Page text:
Global equities surged Friday as reports of encouraging trials for a possible coronavirus drug injected optimism into investors.
Asian indices posted healthy gains also as official data showed the fatal COVID-19 pandemic had not hit China's economy as badly as some had feared.
However, WTI oil prices tanked to 18.03 per barrel to strike a fresh 18-year low point, punished by crude oversupply and virus-hit weak energy demand.
Wall Street rose overnight after President Donald Trump laid out guidelines for a phased reopening of the US lockdown.
After the closing bell in New York, reports emerged of encouraging trials for potential coronavirus drug remdesivir, made by US biotech firm Gilead Sciences.
"Reports that a Gilead drug is producing encouraging results in clinical trials is also giving risk sentiment a lift," said City Index anlayst Fiona Cincotta.
"Any successful treatment drug would essentially mean that economies can reopen more quickly, good news for a rebound.
Without this, any recovery is expected to be more drawn out." The overnight trial reports gave a shot in the arm to jumpy global equities. In late March, Gilead had faced calls to not enforce exclusivity over the drug.
"The latest surge for stocks shows just how keen the market is to react to any piece of good news amid the current crisis," added AJ Bell investment director Russ Mould.
"Investors seem to be determined to remain optimistic and reports overnight that a treatment from Gilead Sciences had delivered positive results in treating coronavirus was just the tonic they were looking for.
"While there is caution about the results, which were from a small sample size, it is a reminder that a lot of highly skilled people are working on vaccines and treatments which could eventually defeat the pandemic."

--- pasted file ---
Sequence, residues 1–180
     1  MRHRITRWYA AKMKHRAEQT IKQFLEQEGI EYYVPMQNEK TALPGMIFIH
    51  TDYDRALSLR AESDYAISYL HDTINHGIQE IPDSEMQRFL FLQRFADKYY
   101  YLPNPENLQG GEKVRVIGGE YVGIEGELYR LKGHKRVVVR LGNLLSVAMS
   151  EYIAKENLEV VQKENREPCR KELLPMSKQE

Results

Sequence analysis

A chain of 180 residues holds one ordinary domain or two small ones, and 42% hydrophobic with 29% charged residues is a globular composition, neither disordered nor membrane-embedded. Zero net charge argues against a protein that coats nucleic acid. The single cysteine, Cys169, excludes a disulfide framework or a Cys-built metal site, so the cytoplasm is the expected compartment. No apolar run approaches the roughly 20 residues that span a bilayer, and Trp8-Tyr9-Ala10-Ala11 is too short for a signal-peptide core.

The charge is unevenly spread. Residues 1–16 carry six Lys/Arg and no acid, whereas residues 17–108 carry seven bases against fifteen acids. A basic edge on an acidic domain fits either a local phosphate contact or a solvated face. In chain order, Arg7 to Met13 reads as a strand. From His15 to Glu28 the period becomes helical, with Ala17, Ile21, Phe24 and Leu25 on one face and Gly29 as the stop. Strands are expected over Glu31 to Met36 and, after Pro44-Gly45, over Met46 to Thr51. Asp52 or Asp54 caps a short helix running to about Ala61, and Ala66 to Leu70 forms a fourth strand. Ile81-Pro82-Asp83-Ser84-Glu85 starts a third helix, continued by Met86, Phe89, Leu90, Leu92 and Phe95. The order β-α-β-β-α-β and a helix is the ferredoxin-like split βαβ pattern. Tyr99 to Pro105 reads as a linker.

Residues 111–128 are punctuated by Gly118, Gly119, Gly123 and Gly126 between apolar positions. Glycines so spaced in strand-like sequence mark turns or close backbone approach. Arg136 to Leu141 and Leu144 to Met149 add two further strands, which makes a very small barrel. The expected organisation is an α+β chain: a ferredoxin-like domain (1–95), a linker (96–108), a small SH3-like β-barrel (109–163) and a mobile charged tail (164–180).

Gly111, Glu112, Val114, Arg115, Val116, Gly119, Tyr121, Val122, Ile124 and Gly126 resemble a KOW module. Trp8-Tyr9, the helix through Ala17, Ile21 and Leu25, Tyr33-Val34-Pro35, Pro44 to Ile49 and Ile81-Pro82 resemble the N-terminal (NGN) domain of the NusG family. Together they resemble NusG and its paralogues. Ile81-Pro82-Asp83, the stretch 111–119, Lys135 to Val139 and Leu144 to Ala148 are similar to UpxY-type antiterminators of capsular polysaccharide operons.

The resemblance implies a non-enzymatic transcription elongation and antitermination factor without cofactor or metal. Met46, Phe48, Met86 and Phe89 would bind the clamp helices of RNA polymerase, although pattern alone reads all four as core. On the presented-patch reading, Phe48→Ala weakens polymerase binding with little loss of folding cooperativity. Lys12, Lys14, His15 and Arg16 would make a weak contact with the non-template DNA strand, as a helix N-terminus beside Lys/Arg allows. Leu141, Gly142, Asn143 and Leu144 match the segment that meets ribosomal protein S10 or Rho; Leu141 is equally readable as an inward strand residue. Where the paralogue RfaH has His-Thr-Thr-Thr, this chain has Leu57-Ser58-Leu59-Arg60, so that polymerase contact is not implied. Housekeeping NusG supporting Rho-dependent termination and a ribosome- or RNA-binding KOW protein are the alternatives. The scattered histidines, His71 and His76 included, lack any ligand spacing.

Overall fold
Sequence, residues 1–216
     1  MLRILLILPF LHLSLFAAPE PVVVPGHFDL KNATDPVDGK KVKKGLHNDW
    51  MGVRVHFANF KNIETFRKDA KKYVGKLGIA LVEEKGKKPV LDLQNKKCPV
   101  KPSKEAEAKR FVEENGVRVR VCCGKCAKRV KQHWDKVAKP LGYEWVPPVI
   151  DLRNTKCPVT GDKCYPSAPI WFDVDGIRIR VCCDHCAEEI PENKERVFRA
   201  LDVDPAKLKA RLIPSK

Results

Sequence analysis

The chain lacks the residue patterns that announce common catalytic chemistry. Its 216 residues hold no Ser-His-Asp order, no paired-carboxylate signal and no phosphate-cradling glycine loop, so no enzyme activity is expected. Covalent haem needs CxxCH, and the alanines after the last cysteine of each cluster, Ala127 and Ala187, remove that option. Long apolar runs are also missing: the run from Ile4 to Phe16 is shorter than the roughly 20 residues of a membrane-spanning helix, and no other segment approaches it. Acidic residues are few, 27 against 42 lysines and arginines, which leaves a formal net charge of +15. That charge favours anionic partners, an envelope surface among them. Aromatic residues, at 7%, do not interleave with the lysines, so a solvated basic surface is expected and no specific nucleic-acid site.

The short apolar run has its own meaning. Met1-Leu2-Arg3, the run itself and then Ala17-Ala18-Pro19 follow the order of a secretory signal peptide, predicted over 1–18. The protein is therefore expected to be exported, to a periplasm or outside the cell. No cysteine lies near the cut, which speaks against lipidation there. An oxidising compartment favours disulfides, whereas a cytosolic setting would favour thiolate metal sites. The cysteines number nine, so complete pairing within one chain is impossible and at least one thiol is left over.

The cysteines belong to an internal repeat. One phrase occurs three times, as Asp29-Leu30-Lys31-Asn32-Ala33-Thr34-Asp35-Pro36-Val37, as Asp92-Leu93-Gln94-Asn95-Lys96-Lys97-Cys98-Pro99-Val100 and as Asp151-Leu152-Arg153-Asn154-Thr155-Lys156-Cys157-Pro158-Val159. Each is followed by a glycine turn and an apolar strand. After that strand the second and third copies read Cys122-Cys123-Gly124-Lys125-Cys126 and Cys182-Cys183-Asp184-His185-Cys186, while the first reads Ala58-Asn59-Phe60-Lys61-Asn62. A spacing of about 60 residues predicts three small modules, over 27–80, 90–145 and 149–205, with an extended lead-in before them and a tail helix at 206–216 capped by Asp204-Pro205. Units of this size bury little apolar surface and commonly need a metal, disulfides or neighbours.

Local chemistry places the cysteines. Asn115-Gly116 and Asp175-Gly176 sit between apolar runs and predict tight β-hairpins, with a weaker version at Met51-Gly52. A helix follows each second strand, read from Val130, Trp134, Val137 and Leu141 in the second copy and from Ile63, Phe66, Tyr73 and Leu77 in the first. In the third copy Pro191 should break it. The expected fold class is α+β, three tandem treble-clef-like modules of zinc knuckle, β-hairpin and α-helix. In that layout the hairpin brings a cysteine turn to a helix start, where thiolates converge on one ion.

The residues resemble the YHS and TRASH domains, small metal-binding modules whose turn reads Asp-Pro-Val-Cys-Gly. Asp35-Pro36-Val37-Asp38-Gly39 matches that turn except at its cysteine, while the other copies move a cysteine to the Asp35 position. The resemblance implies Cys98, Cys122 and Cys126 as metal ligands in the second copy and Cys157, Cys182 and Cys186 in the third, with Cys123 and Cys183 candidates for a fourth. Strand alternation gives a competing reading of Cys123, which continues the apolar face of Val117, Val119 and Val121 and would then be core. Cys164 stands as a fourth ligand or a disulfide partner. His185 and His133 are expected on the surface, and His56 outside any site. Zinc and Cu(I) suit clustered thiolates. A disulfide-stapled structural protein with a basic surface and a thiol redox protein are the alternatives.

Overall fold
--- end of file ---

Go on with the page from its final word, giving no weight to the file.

In Europe, the coronavirus pandemic in Germany is "under control" thanks to measures imposed after an early surge in cases, German Health Minister Jens Spahn declared Friday, as the country prepares to ease restrictions lift production of protective masks.
That helped send Frankfurt and Paris equities fizzing about four percent higher, while London won more than three percent in value.
"European markets are heading towards the weekend in optimistic fashion," added IG analyst Joshua Mahony.
"With the news of a potential beneficial treatment coming on the same day that Donald Trump laid out plans to reopen the US economy, there is a clear optimism over the possibility that some semblance of normality could soon return.
"Stocks associated with global travel have received a welcome boost as traders react to plans from the likes of Germany and the US to ease lockdown restrictions." - Oil hits fresh 2002 low -
World oil prices have meanwhile collapsed this week in the face of chronic fears of a supply glut despite crude production cutbacks -- as coronavirus-plagued energy demand continues to wilt.
In another volatile twist on Friday, West Texas Intermediate (WTI) crude for May delivery tumbled to the lowest point since 2002, hit also by technical moves ahead of the contract's expiry next Tuesday.
The contract was down nearly 20 percent for the week, while Europe's Brent was down 10 percent since Monday.
Back in Asia, official Chinese data showed a 6.8 percent contraction last quarter -- the first negative growth reported since the country began logging quarterly data in the early 1990s.
The result was slightly better than the fall of 8.2 percent forecast by economists in an AFP poll, though analysts in China and abroad have long harboured doubts about the accuracy of official GDP figures.